Electrical load calculations

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  #1  
Old 12-01-05, 08:33 AM
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Electrical load calculations

I'm building a shed and my City's Building Department wants the Electrical Load Calculations for the planned electric. I'm hoping that someone can help with this.

I plan on using the current service that I have running to my old shed. It is a 20Amp fused box at the outside of the house with a 50 foot run to the shed. 12 gauge wire is used in that run and I intend to use 12 gauge wire in the new shed. My plans are;

8 double GFI 20 amp receptacles.

2 florescent fixtures with 2 - 40 watt bulbs in each.


At most I may be running a 15 amp saw and the two fixtures at the same time.

Please advise.

Don
 
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  #2  
Old 12-01-05, 09:24 AM
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You plan to run a 120V 20A circuit to the shed. That gives you 2400W available to use in the shed.

First, you have 160W of general lighting. Next, you should look at the motor nameplate on your saw to get the FRA. Multiply this value by 120 to get the wattage of your saw. That should be enough to tell how much of the shed electrical service you're planning to use and how much is left over for general purpose receptacles.
 
  #3  
Old 12-01-05, 05:49 PM
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I'll have to turn calculations into the City. Is there an average number that I should allow for each receptacle, even it all will not be in use.

Thank you,

Don
 
  #4  
Old 12-01-05, 06:00 PM
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You have a dilemma.

If you turn in a calculation that exceeds the 20 amp circuit, they will not approve the permit, but instead will require a multi-wire circuit or a sub panel.

However, if you turn in a calculation that fits the existing 20 amp circuit, you may not be telling them the truth.

Your job, unless you want to replace the 20 amp circuit, is to turn in a load calculation that is reasonable and that you can live with and that fits the existing 20 amp circuit.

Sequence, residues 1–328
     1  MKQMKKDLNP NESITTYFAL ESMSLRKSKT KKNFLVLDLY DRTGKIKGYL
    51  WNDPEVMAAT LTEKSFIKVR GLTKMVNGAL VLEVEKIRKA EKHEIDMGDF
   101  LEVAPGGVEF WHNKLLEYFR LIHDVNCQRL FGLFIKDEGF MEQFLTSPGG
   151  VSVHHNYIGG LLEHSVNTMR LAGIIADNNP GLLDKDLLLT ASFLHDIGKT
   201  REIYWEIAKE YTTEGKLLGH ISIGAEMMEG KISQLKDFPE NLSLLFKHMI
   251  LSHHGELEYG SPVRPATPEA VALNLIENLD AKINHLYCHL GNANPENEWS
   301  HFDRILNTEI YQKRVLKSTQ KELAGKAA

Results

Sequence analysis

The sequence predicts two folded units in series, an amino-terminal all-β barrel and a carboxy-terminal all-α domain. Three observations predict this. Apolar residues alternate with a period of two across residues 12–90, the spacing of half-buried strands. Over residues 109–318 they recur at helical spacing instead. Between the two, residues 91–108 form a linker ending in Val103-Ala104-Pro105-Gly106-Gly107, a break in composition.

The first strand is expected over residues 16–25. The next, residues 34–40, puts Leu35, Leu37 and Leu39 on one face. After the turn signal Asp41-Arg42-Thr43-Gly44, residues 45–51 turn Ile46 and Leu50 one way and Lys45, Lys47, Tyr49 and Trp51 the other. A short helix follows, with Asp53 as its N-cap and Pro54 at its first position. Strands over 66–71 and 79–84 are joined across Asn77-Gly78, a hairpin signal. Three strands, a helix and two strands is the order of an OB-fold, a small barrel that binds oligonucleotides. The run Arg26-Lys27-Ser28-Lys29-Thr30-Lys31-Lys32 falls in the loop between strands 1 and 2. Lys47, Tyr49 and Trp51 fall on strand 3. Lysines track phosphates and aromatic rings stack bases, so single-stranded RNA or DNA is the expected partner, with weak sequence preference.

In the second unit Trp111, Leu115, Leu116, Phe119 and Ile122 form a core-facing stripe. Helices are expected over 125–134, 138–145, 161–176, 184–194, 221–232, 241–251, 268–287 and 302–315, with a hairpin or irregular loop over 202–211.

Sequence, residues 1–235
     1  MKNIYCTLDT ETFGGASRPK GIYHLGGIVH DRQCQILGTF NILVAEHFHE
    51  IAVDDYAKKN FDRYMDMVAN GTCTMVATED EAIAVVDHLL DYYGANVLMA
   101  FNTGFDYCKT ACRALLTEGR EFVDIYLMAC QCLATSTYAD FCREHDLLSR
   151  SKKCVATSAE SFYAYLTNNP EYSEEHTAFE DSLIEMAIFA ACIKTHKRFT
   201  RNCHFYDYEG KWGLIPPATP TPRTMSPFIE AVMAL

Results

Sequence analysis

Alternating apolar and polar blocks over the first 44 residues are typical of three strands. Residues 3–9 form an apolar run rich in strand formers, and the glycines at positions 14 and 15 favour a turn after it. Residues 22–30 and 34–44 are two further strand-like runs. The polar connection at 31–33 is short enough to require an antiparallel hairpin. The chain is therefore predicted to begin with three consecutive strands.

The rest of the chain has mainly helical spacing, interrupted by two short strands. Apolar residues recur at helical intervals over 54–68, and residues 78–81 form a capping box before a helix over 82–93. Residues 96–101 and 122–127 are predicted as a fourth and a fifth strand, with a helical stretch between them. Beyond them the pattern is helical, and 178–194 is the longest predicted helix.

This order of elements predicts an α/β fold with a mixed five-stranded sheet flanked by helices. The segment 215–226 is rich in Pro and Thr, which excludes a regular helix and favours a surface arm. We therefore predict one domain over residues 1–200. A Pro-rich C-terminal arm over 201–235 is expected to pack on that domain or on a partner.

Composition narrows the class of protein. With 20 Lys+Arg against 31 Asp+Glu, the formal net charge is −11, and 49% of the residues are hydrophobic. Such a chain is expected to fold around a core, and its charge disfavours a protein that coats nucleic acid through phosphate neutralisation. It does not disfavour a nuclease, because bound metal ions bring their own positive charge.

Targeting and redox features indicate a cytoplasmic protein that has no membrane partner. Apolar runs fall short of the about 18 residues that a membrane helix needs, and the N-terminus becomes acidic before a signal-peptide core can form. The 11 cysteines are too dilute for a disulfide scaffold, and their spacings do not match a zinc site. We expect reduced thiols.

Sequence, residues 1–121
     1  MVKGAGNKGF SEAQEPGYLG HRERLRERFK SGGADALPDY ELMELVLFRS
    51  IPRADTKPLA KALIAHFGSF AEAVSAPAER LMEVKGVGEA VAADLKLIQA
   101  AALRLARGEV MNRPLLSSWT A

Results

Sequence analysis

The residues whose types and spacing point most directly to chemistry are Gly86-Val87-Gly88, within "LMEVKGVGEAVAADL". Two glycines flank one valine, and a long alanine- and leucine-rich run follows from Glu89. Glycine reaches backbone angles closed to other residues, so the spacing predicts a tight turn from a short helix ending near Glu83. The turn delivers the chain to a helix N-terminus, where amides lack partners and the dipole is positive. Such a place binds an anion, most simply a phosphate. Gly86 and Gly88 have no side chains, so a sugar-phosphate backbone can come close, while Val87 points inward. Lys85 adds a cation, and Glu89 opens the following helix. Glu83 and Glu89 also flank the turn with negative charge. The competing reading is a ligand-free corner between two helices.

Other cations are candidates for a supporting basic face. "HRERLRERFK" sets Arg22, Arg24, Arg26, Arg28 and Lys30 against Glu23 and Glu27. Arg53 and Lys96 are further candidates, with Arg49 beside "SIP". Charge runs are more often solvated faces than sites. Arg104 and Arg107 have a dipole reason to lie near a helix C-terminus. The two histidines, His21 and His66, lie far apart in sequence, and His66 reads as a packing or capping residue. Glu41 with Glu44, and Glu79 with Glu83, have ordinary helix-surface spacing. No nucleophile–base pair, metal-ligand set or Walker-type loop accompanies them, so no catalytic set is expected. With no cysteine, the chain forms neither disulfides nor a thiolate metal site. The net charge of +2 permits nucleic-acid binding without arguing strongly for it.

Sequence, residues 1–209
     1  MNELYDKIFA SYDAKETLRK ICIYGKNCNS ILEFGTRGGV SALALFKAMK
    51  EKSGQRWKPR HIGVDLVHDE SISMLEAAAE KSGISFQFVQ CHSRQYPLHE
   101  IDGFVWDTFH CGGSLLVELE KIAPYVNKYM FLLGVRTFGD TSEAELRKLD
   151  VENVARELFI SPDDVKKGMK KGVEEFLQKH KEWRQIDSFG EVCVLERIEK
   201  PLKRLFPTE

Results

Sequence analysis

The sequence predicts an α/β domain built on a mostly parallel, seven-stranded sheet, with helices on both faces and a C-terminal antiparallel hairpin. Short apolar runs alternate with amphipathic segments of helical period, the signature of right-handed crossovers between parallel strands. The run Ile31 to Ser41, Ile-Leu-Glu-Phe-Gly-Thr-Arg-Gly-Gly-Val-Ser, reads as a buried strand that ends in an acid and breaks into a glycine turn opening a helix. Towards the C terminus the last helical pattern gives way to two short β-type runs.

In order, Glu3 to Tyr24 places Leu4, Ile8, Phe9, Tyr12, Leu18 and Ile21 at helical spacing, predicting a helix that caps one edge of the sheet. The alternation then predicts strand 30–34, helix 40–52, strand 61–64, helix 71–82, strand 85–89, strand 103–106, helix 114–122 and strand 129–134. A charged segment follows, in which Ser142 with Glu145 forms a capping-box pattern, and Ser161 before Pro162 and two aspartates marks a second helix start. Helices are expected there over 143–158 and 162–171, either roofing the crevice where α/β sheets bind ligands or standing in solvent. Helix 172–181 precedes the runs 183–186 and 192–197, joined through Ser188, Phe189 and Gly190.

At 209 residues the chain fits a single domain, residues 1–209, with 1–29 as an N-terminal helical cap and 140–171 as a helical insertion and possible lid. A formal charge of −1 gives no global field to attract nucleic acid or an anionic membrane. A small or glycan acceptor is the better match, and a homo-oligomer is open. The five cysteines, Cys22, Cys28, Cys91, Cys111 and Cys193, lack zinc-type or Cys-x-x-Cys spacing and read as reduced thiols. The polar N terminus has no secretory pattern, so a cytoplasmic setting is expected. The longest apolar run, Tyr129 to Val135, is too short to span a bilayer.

#5  
Old 12-01-05, 06:02 PM
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They want a load calc for a 20 amp circuit to a shed???

And they wonder why folks skirt code issues and permits


No, for a residence there is no limit to the number of receptacles on a circuit. Unless you have a specific use for a receptacle, such as a fixed or large tool or applaince or motor, they do not have a bearing on the load calc.
 
  #6  
Old 12-02-05, 06:13 AM
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For some reason my City (Palm Bay, Florida) has asked me to submit documentation that is normally required for Family residence and not for an unattached shed. Their request conflicts with what is detailed on their web site for required forms. I have a call into them to see what is going on. It took 5 weeks after my plan submittals before they told me they wanted, among other items, the following:


*Calculations showing 125 MPH wind load

*uplift calculations for trusses or submit truss engineering form truss manufacturer

*Florida product approval and installation specs for shingles, swinging doors, sectional doors and Hardi Board Plank Siding

*Electrical riser diagram showing all wire sizes, disconnects and protection for wires

*Electrical load calculations showing all load requirements



My shed plans do show 2x6 at 16" O.C. framing, Owens Corning 30 year dimensional shingles, 19/32 sheathing on the roof and sides, Tyvek, Hardie Board Plank siding, 12 gauge wire, J bolts tie down into a 4 " slab with 12" footers. It will be built like a fortress. The one I bulit and that is standing in the current location has been there for 20 years surviving numeous hurricanes. Termites finally did it in.

OK, I'm done venting.

Thanks again for the advice.
 
  #7  
Old 12-02-05, 08:00 AM
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I'm pretty lucky in this respect and I know it. We do have strict zoning and permit requirements BUT the township does not work against you, they work for you. You tell them what you want to do and they sit down with you at YOUR convenience and tell ou wether it will fly before you apply and suggest how to pressent it so that it will fly without a hitch. For permit apps that don't require a hearing the turnaround time is seven to ten days.
 
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